MITCH MCCONNELL: Well, I – I think there have been more threats lately, and I am concerned about it.
MARGARET BRENNAN: Are you concerned about more political violence going into an election year here?
MITCH MCCONNELL: Look, I think, since 9/11, the – and – and January 6th, we’ve had heightened security here at the Capitol. I’m sure we’re a target for all kinds of evil doers, both in the United States and abroad.
MARGARET BRENNAN: People wonder about your health. How are you feeling? How are you doing?
MITCH MCCONNELL: I’m fine. I’m completely recovered, and just fine.
MARGARET BRENNAN: You and your office felt the need to – to share and disclose some of the details about your health because of some of these public incidents. And the doctor here said there was no evidence of Parkinson’s disease or a stroke or – or a seizure. And I wonder, is there anything the public should know that wasn’t disclosed?
MITCH MCCONNELL: I’m in good shape, completely recovered, and back on the job.
MARGARET BRENNAN: So, does that mean that you think you are able to continue serving and you want to continue serving here at a time when we are talking about incredible dysfunction in Washington?
MITCH MCCONNELL: I think we ought to be talking about what we were talking about earlier rather than my health.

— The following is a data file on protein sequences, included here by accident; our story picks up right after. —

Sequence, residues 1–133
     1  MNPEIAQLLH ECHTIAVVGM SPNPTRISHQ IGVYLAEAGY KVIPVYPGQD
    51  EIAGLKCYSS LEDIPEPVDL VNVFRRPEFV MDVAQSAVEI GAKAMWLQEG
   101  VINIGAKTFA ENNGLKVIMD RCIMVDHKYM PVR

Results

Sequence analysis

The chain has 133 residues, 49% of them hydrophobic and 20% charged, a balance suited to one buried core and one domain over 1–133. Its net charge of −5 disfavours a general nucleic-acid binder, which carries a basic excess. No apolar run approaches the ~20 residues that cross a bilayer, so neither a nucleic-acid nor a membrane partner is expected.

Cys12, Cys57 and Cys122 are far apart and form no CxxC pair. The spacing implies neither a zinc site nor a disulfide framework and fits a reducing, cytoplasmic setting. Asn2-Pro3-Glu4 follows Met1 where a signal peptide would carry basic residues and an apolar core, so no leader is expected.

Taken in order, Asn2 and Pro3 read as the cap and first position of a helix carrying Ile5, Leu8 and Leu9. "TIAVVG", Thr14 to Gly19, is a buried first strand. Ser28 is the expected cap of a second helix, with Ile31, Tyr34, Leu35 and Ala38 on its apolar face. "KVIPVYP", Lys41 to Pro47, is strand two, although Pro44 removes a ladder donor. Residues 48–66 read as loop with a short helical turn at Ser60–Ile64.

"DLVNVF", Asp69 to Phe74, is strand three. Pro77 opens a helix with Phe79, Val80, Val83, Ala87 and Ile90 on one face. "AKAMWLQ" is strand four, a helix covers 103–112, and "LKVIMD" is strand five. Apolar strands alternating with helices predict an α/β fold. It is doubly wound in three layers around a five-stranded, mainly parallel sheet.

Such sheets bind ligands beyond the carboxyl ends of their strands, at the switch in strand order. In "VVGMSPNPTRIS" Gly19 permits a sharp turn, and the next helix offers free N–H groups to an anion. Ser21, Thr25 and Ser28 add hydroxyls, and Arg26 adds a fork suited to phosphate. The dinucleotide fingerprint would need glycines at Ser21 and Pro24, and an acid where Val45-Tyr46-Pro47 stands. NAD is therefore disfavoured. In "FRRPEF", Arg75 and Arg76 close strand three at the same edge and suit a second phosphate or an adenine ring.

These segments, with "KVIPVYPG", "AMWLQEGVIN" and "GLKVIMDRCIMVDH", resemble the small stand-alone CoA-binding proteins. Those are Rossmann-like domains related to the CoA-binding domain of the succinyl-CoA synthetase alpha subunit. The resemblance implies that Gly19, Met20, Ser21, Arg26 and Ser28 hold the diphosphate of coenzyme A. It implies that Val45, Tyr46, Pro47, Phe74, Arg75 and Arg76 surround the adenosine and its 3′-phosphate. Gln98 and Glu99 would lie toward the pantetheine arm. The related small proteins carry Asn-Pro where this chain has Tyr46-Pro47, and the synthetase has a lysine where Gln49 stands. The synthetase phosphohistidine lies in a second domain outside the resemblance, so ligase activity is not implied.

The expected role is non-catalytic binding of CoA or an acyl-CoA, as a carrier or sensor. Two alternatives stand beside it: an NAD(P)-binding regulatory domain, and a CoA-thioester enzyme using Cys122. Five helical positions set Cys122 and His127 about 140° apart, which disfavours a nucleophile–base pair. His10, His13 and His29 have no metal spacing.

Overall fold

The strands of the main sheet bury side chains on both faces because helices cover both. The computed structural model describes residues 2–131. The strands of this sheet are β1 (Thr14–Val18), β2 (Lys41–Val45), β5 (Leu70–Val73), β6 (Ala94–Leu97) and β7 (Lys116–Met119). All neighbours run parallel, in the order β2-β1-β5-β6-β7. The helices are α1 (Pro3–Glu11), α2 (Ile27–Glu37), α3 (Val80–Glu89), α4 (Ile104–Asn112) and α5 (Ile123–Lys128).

MARGARET BRENNAN: You’ve made clear you have a lot of policy disagreements with the former president, Donald Trump. Doesn’t it trouble you that he is the frontrunner for the Republican nomination given the questions he has raised about aid for Ukraine, for example?
MITCH MCCONNELL: I’m not going to comment on the various candidates for president on either side. I’ve got my hands full here in the Senate.
MARGARET BRENNAN: Former Secretary of Defense Gates told us this is one of the most dangerous moments that he has ever seen for our country. And we’re talking about the basic functioning of our democracy being a problem right now.
I’ll ask you again, who can lead the Republican Party, not just in the House, but to deliver on the vision that you are laying out here?
MITCH MCCONNELL: Typically, it’s the candidate for president, when you have a presidential election, who becomes, obviously, the most visible person in your party. And we don’t know who that’s going to be yet.